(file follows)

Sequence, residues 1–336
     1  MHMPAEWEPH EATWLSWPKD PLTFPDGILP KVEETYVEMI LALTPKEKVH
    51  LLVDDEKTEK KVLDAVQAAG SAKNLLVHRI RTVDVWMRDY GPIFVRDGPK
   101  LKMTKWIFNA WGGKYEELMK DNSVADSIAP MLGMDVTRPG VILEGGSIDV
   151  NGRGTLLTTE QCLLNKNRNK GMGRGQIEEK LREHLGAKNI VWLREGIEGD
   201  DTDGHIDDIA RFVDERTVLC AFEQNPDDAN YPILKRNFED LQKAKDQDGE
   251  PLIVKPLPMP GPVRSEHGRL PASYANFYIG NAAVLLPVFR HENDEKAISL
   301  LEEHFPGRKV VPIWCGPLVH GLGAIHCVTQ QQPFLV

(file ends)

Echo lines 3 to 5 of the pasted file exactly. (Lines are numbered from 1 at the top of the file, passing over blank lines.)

    51  LLVDDEKTEK KVLDAVQAAG SAKNLLVHRI RTVDVWMRDY GPIFVRDGPK
   101  LKMTKWIFNA WGGKYEELMK DNSVADSIAP MLGMDVTRPG VILEGGSIDV
   151  NGRGTLLTTE QCLLNKNRNK GMGRGQIEEK LREHLGAKNI VWLREGIEGD